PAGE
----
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Highly Conserved Upstream Sequences for Transcription Factor Genes and Implications for the Regulatory Network
Hisakazu Iwama, Takashi Gojobori and Wen-Hsiung Li
Proceedings of the National Academy of Sciences of the United States of America
Vol. 101, No. 49 (Dec. 7, 2004), pp. 17156-17161
Published by: National Academy of Sciences
Stable URL: http://www.jstor.org/stable/3373976
Page Count: 6
You can always find the topics here!Topics: Genes, Genomics, Promoter regions, Conserved sequences, Transcription factors, Regulatory sequences, Government regulation, Databases, Drosophila, Evolution
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Identifying evolutionarily conserved blocks in orthologous genomic sequences is an effective way to detect regulatory elements. In this study, with the aim of elucidating the architecture of the regulatory network, we systematically estimated the degree of conservation of the upstream sequences of 3,750 human-mouse orthologue pairs along 8-kb stretches. We found that the genes with high upstream conservation are predominantly transcription factor (TF) genes. In particular, developmental process-related TF genes showed significantly higher conservation of the upstream sequences than other TF genes. Such extreme upstream conservation of the developmental process-related TF genes suggests that the regulatory networks involved with developmental processes have been evolutionarily well conserved in both human and mouse lineages.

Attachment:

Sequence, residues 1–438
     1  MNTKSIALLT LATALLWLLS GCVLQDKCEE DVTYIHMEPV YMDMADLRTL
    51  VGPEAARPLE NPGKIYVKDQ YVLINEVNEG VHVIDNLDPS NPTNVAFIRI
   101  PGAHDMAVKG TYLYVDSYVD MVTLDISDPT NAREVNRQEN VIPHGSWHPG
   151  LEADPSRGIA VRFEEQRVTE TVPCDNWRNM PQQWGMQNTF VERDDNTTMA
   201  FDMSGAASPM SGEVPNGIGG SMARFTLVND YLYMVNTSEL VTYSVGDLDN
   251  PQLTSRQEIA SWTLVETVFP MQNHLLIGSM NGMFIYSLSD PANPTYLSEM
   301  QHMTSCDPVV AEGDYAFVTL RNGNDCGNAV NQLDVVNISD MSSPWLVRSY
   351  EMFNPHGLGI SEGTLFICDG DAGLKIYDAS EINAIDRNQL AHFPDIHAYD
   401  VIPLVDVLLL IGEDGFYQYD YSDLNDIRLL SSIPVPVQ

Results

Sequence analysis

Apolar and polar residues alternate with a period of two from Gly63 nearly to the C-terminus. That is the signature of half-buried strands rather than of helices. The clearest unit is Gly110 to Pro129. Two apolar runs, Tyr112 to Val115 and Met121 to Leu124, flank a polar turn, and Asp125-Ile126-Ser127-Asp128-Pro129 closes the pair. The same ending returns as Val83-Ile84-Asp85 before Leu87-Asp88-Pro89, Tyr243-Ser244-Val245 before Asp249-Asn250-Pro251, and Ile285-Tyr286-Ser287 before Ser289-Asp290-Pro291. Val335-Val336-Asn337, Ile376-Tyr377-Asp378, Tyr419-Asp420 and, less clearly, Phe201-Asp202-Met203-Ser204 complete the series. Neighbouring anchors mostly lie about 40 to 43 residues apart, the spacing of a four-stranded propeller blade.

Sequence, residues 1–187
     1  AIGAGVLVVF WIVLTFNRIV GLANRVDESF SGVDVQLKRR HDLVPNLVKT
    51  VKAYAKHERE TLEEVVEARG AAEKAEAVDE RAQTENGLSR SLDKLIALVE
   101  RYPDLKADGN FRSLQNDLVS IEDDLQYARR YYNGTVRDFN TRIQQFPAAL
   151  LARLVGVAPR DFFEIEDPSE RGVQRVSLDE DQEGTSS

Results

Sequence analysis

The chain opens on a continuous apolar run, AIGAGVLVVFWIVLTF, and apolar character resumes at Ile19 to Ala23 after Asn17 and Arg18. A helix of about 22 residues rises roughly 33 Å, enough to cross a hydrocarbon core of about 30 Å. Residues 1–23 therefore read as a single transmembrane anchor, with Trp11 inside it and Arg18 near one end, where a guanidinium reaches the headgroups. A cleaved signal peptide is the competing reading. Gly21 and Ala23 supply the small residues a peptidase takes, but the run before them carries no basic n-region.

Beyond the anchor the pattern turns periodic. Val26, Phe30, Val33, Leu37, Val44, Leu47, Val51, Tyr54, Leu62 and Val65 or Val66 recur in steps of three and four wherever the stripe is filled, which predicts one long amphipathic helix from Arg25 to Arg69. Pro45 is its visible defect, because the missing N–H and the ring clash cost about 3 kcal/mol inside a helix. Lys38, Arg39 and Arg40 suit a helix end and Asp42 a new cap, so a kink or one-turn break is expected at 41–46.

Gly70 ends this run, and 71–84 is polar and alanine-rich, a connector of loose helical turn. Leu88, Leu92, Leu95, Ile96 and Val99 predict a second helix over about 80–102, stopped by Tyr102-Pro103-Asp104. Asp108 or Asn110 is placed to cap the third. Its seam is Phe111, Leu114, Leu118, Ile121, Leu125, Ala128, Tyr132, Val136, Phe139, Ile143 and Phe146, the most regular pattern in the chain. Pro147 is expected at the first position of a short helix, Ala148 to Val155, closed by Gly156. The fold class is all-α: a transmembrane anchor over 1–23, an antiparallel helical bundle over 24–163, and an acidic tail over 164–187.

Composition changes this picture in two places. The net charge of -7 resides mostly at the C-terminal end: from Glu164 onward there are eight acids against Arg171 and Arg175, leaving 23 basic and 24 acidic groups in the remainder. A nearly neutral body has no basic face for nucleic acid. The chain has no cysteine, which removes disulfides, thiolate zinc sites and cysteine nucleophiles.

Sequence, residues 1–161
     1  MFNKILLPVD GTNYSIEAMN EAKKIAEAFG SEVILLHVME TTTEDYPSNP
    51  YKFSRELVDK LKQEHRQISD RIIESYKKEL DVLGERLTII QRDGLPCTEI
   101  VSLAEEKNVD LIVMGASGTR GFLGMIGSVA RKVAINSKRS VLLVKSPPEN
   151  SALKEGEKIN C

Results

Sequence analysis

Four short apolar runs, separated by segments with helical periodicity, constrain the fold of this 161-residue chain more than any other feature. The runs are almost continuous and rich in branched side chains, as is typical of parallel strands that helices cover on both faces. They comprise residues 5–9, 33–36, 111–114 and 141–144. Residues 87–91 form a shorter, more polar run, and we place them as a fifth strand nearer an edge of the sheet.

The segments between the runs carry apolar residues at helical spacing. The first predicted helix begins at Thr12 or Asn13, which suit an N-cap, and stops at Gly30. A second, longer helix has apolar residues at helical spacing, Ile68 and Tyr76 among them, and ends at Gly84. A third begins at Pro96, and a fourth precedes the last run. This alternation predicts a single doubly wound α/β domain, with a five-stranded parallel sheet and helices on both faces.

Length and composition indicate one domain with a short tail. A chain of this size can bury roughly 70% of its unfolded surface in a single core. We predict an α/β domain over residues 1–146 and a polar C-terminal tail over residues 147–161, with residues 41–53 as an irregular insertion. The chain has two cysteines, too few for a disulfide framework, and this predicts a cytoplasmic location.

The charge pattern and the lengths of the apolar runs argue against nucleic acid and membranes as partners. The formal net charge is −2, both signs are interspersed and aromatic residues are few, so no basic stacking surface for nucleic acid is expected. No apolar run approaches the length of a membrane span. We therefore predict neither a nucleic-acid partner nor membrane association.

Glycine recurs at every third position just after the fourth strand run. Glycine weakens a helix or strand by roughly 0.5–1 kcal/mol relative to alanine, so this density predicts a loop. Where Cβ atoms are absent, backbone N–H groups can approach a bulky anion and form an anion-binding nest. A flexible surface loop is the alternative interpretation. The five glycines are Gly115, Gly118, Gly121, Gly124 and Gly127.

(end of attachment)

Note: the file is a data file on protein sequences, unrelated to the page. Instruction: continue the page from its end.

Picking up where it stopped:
Proceedings of the National Academy of Sciences of the United States of America © 2004 National Academy of Sciences